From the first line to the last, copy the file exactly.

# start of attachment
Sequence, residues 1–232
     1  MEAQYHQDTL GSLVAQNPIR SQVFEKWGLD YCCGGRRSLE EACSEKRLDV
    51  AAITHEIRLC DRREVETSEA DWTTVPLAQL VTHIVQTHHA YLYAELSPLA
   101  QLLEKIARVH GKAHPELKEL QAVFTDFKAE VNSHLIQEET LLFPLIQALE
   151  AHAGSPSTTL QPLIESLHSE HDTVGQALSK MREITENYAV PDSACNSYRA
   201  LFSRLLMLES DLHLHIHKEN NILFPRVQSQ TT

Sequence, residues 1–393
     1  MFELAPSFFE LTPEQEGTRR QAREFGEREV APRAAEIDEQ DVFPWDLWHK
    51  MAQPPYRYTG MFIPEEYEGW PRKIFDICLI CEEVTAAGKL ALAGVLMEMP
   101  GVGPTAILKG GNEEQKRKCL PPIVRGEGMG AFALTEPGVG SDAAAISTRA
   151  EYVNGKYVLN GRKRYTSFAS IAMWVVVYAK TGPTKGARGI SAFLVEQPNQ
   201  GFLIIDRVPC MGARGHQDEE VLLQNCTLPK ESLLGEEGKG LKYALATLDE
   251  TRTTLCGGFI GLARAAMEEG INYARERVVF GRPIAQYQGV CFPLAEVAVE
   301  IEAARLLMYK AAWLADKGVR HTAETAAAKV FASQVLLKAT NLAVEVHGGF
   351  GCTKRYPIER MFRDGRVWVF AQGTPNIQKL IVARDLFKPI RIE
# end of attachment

Sequence, residues 1–232
     1  MEAQYHQDTL GSLVAQNPIR SQVFEKWGLD YCCGGRRSLE EACSEKRLDV
    51  AAITHEIRLC DRREVETSEA DWTTVPLAQL VTHIVQTHHA YLYAELSPLA
   101  QLLEKIARVH GKAHPELKEL QAVFTDFKAE VNSHLIQEET LLFPLIQALE
   151  AHAGSPSTTL QPLIESLHSE HDTVGQALSK MREITENYAV PDSACNSYRA
   201  LFSRLLMLES DLHLHIHKEN NILFPRVQSQ TT

Sequence, residues 1–393
     1  MFELAPSFFE LTPEQEGTRR QAREFGEREV APRAAEIDEQ DVFPWDLWHK
    51  MAQPPYRYTG MFIPEEYEGW PRKIFDICLI CEEVTAAGKL ALAGVLMEMP
   101  GVGPTAILKG GNEEQKRKCL PPIVRGEGMG AFALTEPGVG SDAAAISTRA
   151  EYVNGKYVLN GRKRYTSFAS IAMWVVVYAK TGPTKGARGI SAFLVEQPNQ
   201  GFLIIDRVPC MGARGHQDEE VLLQNCTLPK ESLLGEEGKG LKYALATLDE
   251  TRTTLCGGFI GLARAAMEEG INYARERVVF GRPIAQYQGV CFPLAEVAVE
   301  IEAARLLMYK AAWLADKGVR HTAETAAAKV FASQVLLKAT NLAVEVHGGF
   351  GCTKRYPIER MFRDGRVWVF AQGTPNIQKL IVARDLFKPI RIE